The number of young people who play instruments and want to become better is high, while the number of good musicians is low. That adds up to a seller’s market.

PROS:

  • If you have your own instrument, the start-up costs can be very low.
  • Finding customers should not be very difficult.

CONS:

  • You may have to either travel a lot to people’s homes, or if you teach in your own home you need to have a quiet room, plus you may need a Certificate of Occupancy (or some other form of government permission).
  • You need to be a good musician; you cannot teach if you’re not already skilled,

How to get started:

NOTE: Before you start your business, you should read the page on this website entitled “things to think about before you start a business.” After you have taken the preliminary steps for starting any business, you can take the specific steps outlined below.

More than half of American households have someone who plays an instrument, according to the Gallup Organization (a public survey company). About a third of them were children (under 17) and a very tiny percentage of those children plan to become professional musicians.

Parents see learning an instrument as a way to sharpen other skills (a view backed up by experts) – or just as something useful for children to do. But not all parents see the necessity to (or can afford to) spend huge sums of money hiring professional musicians to teach their kids. They would be happy to hire a young teacher who teaches as a sideline and doesn’t charge much.

If you can play a musical instrument well, there is a market for your skills. How good you are will determine who your market is, but you don’t have to be a virtuoso to be good enough for most young students – just good enough that you can make them substantially better.

If you’re a good musician, chances are someone has asked you occasionally, “Can you teach me to play?” If all you want to do is show friends how to play a few tunes every once in awhile, that’s OK. But if you want to turn your skill into a money-making venture, you have to get organized.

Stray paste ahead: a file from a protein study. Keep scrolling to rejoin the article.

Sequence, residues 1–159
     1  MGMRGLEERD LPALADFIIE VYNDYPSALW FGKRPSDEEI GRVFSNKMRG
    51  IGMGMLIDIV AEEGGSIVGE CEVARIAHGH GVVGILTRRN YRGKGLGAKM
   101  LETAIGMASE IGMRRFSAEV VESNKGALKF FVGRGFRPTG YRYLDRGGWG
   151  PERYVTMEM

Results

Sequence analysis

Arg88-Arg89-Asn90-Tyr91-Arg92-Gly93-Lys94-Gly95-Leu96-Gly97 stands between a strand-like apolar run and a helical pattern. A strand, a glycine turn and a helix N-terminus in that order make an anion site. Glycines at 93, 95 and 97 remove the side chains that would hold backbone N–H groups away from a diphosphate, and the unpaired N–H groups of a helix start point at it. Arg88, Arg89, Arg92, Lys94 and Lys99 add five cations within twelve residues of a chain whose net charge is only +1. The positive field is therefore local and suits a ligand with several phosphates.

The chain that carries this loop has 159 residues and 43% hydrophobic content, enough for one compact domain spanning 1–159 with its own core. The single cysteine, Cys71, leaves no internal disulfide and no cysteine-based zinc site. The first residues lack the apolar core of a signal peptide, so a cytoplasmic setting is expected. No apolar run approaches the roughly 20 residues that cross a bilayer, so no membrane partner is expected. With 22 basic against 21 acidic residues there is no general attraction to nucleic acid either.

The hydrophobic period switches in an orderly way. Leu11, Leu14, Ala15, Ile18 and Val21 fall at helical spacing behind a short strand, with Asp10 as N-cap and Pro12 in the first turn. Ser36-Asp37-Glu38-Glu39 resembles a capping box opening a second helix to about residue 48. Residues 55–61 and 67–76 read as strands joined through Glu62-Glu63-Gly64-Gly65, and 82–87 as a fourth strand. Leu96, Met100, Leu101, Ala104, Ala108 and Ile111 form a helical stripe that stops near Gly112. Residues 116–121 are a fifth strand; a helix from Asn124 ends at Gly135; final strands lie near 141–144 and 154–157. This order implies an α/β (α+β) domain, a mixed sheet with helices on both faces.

If you have formal training and can read (and teach people how to read) music, that is a big plus. But there are plenty of successful music teachers who are self-taught. And your student may not necessarily want to go through the trouble of learning to read music, at least not in an in-depth way.

Music teacher Lauren Bateman says that one of the biggest mistakes music teachers make is failing to ask students and parents how far they want to take the music lessons. Many kids don’t expect to play for more than a year or two and may not want to invest a lot of time and money into learning.

After you have determined what level of student you want to teach, you have to decide where you are going to teach. The website Music Teachers Helper recommends only teaching in your own home; otherwise you will spend too much time travelling. (Not to mention the fact that you probably will need a vehicle if you plan to give lessons in customers’ homes.)

Of course, if you do teach in your own home, at a minimum you will need a room where you will not be bothered my fighting siblings, barking dogs or any other distractions. And, since you will be starting a business in your home, you need to research the rules in your town governing home businesses – you may need a Certificate of Occupancy or some other form of government permission.

You will need a website before you get started. Many low-cost and free services exist that can help you create professional-looking websites (e.g. Wix, WordPress or GoDaddy). For a music teacher, you will want to make sure you add a sampling of your musical ability, so be sure to find a website-building platform that allows audio uploads.

Before you start, also be sure to establish payment terms and cancellation policies (and put them on your website) or else you may find yourself in a dispute over pay without clear rules. The Music Teachers Helper website mentioned above also gives guidance on setting such policies.

Also, you should have the sheet music for anything that you plan to teach. (Generally, students are expected to buy their own music, but you must let them know in advance which music to purchase.)

How much to charge:

The better you are, the more you can charge, but $30/hour is considered low by most music teachers. You might want to charge an introductory rate of $25/hour for the first three months to get customers and build up your customer base, then raising it by $5 to $25/hour depending on your skill level.

Take it to the next level:

If you want to turn your music-teaching business into a steady source of income, consider offering lessons for a monthly charge. Offer a discount on your hourly rate – for example, if you give one lesson a week at $30/hour, your student is spending $120/month. Offer your services for $100/month if they sign a one-year contract.

 

 

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